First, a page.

A Golgi analysis of the primate globus pallidus. I. Inconstant processes of large neurons, other neuronal types, and afferent axons

J Comp Neurol. 1984 Aug 1;227(2):182-99. doi: 10.1002/cne.902270205.


The present paper is a Golgi study, with high-power lenses, of the primate globus pallidus. Two kinds of inconstant processes of large neurons are first described: complex endings and thin processes. Complex endings are thick apparatuses terminally located on dendrites having many appendages of various types. Contacts were observed not only between striatal axons and these complex endings but also between complex endings and the soma, dendritic stems, dendritic portions or complex endings of other large pallidal neurons. Thin processes were usually beaded, very thin, and arose from any part of the dendritic tree. Contacts were seen between them and soma or dendrites of other large neurons. These thin processes were very similar to initial axonal collaterals and together constitute a common pool of processes. Complex endings and thin processes were essentially observed in the lateral nucleus of the pallidum where they apparently are evenly distributed inside the nucleus but randomly distributed on individual neurons. Two neuronal types other than large pallidal neurons were isolated: the smallest were considered to be local circuit neurons, while intermediate-sized neurons might be the origin of a particular efference. Many striatal axons gave no branches over long distances and collaterals were of two types and most frequently were short (less than 50 micron). Larger axonal arborization were rarely encountered. In addition to parallel contacts, numerous very short ones were observed. All these contacts between striatal axons and dendrites of large pallidal neurons seem to be irregularly distributed.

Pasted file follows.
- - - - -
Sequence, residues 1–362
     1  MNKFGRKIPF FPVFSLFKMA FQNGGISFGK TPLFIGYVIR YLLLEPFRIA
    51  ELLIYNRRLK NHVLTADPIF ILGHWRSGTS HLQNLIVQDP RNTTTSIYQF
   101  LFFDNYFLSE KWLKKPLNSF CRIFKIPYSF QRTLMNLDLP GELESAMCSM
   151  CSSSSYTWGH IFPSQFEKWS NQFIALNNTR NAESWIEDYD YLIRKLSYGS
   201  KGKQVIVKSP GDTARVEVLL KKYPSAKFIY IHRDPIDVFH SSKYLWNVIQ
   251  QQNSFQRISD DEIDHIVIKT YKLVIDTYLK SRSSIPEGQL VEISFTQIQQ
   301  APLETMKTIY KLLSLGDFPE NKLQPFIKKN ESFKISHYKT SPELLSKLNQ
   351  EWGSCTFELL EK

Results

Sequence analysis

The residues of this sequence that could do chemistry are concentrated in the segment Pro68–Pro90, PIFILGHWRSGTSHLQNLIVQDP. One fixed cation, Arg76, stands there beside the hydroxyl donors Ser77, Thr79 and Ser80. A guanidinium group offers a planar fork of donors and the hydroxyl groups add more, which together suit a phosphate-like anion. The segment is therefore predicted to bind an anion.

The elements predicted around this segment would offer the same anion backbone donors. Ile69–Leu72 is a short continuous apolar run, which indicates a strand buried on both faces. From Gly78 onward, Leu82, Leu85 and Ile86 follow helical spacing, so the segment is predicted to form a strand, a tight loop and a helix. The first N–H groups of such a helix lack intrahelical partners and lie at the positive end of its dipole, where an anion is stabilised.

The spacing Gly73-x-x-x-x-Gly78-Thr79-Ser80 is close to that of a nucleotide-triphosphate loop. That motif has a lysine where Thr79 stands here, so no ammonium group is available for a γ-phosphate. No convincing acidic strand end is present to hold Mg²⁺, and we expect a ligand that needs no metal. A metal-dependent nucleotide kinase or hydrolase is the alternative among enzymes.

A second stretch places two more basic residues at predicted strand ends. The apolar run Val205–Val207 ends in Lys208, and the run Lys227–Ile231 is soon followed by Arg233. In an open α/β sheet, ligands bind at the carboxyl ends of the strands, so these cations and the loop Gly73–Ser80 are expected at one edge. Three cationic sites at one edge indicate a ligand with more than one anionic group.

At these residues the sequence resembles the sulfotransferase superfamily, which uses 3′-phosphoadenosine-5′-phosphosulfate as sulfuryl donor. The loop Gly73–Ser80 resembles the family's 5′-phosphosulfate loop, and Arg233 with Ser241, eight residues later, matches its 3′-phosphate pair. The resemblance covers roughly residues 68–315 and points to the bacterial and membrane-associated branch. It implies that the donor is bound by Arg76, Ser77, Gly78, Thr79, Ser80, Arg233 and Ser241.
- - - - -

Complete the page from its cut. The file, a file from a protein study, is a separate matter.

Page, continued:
Publication types

  • Comparative Study

MeSH terms

  • Afferent Pathways / cytology
  • Animals
  • Axons / ultrastructure
  • Corpus Striatum / cytology
  • Dendrites / ultrastructure
  • Globus Pallidus / cytology*
  • Humans
  • Macaca
  • Neurons / cytology
  • Papio
  • Rats
  • Species Specificity